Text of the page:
Supply chain risk management is maturing

supply chain risk management

Despite companies being aware of the importance of risk management for supply chains, research shows that the reality often looks different: supply chain risk management (SCRM) is often only rudimentarily implemented and sporadically operated. However, SCRM now seems to be maturing. That is the key finding from the BME Logistics Survey 2020, which the Association for Supply Chain Management, Procurement and Logistics (BME) conducted in conjunction with Fulda University of Applied Sciences.

The cross-sectoral BME Logistics Survey 2020 was set up to explore the degree of SCRM maturity in industry, trade and services companies, including the strengths, weaknesses and improvement potential. This included addressing the main processes in supply chain management according to the SCOR model. A total of 214 company representatives from German-speaking countries took part in the study, 64% of whom came from the areas of SCM, logistics or purchasing and 25% from the areas of risk management or general management.

Independent SCRM function is still rare

The results show that SCRM across the entire supply chain has only been established in a few companies so far. A separate and independent organizational unit for SCRM exists in only one in five of the companies surveyed. In 70% of the companies, there is no independent function for SCRM. Nevertheless, 55% are ‘satisfied’ or ‘very satisfied’ with the effectiveness of SCRM. Risks and events are obviously already managed in the companies and precautions are taken, but in silos and not in a consistent, cross-company and coordinated manner.

In two out of three companies where SCRM is organized as an independent function, supply chain management (including logistics, purchasing or materials management) is in charge. In 22% of the companies, SCRM is led by the risk management department.

Supplier-side vs customer-side risks

Risks in the supply chain affect both the supplier side and the customer side. Nevertheless, SCRM often focuses on the supplier side, and the necessary supply chain visibility is only available to a limited extent. While 70% of companies cover their first-tier suppliers through their SCRM activities, less than half also cover their second-tier suppliers and less than 30% of companies extend their risk management beyond the second-tier level. It is a similar story on the customer side: only two out of five managers include first-tier customers in their risk management, while further customer tiers are considered by less than 20%. This picture is underlined by the fact that companies check significantly more supplier-side than customer-side early warning indicators.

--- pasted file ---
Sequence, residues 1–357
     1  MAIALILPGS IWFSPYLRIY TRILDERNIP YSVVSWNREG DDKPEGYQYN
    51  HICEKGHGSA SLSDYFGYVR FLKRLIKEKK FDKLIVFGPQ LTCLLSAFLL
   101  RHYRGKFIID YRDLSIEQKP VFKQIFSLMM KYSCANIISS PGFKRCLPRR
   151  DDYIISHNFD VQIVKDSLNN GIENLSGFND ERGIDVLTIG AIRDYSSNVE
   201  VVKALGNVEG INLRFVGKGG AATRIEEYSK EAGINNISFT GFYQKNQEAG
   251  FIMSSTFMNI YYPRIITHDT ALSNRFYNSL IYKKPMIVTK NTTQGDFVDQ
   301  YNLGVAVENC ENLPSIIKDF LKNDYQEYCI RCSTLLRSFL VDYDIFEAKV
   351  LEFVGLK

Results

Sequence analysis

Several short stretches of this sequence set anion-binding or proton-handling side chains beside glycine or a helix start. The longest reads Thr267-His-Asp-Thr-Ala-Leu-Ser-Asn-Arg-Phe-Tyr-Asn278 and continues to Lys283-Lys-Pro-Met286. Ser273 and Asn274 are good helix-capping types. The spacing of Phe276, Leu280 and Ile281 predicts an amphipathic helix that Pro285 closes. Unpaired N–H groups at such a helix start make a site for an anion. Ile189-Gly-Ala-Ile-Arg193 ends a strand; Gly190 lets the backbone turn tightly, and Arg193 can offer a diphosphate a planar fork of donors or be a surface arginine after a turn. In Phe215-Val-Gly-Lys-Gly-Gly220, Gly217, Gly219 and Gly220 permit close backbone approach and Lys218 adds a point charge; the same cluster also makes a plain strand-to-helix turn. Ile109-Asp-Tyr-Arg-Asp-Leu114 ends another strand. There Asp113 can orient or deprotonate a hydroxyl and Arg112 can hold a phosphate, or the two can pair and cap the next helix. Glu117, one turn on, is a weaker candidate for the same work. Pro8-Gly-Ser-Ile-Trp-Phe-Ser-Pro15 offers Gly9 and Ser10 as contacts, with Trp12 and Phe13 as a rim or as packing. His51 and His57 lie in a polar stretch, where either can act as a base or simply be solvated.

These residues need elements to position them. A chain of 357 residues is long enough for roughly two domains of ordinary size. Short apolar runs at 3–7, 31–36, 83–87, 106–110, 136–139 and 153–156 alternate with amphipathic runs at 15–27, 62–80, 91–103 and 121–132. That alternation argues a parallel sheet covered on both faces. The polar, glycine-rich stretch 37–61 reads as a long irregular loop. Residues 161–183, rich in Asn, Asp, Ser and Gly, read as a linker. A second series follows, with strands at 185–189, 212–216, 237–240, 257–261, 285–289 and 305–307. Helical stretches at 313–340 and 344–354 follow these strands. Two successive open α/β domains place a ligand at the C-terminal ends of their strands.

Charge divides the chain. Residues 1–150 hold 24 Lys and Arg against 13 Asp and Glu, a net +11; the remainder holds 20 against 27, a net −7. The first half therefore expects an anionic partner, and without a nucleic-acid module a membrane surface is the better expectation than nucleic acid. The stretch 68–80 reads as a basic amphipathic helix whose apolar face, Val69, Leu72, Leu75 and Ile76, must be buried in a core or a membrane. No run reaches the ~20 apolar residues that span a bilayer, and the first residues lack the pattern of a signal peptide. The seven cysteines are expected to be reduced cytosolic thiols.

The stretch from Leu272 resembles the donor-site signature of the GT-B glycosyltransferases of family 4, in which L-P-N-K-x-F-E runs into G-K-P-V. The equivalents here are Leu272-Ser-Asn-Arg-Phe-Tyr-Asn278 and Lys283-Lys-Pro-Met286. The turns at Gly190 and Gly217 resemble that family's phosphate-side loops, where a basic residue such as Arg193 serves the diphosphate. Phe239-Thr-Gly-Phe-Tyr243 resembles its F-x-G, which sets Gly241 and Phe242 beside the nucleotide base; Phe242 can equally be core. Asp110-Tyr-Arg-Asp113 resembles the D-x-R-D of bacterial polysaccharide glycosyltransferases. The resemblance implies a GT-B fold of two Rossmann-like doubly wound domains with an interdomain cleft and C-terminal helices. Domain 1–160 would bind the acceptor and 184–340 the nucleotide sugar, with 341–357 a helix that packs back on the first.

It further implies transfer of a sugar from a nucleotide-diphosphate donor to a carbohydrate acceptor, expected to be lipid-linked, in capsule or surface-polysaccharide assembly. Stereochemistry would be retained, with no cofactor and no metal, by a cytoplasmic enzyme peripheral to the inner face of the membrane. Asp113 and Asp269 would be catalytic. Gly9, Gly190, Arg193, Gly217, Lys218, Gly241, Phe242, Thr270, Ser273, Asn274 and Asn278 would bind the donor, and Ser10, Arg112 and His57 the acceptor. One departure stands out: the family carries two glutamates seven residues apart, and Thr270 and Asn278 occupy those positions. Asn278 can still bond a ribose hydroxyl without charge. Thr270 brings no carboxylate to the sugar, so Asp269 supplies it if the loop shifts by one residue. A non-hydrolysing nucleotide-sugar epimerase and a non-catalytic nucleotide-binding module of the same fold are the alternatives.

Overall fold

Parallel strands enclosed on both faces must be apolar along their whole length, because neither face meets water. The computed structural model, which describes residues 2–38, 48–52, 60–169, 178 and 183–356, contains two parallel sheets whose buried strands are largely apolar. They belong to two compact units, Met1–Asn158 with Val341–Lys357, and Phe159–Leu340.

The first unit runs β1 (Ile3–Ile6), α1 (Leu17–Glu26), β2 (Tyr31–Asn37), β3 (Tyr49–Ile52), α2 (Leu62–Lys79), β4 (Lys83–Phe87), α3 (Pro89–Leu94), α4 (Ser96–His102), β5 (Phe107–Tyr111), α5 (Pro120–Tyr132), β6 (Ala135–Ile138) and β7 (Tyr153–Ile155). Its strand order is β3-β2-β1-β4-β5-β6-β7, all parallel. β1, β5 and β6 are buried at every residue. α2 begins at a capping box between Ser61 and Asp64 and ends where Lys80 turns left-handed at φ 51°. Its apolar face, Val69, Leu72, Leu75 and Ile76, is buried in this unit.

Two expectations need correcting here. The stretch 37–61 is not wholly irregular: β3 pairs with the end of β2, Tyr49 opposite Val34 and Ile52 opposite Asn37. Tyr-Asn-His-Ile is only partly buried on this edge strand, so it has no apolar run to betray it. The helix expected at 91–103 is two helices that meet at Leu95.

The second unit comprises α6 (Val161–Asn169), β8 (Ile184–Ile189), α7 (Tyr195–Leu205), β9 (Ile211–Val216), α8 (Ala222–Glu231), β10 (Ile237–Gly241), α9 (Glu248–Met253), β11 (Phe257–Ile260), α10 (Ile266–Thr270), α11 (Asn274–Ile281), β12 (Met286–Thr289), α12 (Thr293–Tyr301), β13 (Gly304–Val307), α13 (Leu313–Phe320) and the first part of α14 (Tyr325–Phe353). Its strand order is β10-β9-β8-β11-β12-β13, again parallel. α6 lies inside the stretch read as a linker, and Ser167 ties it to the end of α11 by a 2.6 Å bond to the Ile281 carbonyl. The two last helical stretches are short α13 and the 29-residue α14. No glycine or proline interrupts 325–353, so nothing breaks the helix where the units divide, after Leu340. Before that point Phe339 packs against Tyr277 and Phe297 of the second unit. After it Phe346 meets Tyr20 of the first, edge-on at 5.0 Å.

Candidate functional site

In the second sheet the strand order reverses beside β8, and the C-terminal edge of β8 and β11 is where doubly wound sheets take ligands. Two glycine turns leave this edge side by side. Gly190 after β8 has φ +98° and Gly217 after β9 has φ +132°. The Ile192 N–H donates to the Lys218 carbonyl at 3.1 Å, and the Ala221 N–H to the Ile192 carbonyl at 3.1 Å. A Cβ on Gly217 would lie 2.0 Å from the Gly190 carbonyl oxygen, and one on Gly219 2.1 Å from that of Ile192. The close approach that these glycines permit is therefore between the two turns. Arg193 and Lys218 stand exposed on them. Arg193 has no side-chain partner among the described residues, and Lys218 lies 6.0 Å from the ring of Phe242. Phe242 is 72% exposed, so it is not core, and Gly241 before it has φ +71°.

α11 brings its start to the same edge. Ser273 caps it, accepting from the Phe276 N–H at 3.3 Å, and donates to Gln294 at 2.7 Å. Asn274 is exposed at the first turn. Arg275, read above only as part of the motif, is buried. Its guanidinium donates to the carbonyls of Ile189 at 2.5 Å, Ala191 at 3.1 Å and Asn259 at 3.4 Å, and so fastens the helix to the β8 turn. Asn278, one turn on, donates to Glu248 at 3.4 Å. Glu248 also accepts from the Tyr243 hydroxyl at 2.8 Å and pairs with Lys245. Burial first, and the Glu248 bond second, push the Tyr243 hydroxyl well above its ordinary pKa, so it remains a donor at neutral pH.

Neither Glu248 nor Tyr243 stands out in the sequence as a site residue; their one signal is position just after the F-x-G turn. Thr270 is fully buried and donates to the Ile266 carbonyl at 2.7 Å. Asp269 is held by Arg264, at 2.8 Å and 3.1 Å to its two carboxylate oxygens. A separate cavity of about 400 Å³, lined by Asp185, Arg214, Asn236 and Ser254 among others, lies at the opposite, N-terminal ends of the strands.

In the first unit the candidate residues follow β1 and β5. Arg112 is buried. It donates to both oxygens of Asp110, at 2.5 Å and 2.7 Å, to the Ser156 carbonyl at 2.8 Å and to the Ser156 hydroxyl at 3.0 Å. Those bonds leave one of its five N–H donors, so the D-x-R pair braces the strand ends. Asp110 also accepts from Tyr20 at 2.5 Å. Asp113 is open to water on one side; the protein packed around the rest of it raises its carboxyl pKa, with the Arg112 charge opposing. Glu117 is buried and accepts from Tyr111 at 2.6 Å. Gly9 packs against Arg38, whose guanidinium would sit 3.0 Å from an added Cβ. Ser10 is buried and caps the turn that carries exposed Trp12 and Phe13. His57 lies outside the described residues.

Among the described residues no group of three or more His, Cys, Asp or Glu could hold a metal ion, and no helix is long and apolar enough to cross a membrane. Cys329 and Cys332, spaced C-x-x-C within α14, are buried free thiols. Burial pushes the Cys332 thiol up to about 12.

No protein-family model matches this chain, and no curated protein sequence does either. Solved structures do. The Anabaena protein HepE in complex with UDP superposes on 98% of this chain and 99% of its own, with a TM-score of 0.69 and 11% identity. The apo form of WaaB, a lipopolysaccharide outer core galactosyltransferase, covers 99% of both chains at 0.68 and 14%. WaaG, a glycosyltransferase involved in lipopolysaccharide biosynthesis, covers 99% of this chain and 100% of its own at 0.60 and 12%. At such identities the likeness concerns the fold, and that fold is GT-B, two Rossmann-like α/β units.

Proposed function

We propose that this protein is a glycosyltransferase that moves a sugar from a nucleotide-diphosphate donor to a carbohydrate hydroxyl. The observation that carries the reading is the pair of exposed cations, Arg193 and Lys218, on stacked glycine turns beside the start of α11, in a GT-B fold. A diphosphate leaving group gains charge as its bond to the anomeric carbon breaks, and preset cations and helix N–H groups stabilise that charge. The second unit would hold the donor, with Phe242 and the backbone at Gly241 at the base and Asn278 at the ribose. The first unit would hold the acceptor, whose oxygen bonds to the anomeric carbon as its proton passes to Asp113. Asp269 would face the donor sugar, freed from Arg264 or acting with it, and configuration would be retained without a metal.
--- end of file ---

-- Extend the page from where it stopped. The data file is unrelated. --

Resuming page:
Topics such as sustainability and social standards are increasingly becoming the focus of supplier audits. The researchers advise that greater visibility in the direction of both suppliers and customers leads to a better ability to identify risks, and there is still potential for improvement for many companies.

Improvements linked to maturity level

The maturity level, measured on a scale from 1 (‘initial’) to 5 (‘leading’), can provide clues for improving SCRM. The survey shows that companies without an SCRM organization have a maturity level of 3.0 (‘evolved’), while those companies with an SCRM organization have a higher maturity level (3.4) and are on their way to the ‘advanced’ level. The researchers consider the four categories that contribute to SCRM maturity – culture, organization, process and method – for concrete indications of where companies can improve and thus achieve a higher level of maturity. On average, companies have the highest maturity level in the category of the risk management process, with a mean value of 3.5. The use of methods, with a mean value of 3.2, demonstrates a slightly lower level of maturity. Meanwhile, the categories culture (3.1) and organization (3.0) – both of which are essential elements for effective SCRM – deserve special attention in order to achieve a higher maturity level.

Ill-prepared for pandemic scenarios

The study included consideration of SCRM in the context of the current COVID-19 pandemic. Around two-thirds of the companies surveyed still do not consider a pandemic as a risk. Only a quarter of the companies that do consider such a scenario in their SCRM, i.e. approximately 8% of all the companies surveyed, have also developed a concrete action plan for a pandemic scenario. This outcome is somewhat surprising, according to the researchers, since the coronavirus crisis cannot be described as a black swan. After all, epidemics and pandemics occur regularly – as demonstrated by MERS and SARS in the 2000s alone – and much analysis has been published about the potential damage they can cause to politics, society and the economy.

The researchers conclude that mature SCRM can clearly help companies to prevent risks as well as counter the effects of realized risks, and they warn that companies should not allow themselves to be lulled into a false sense of security.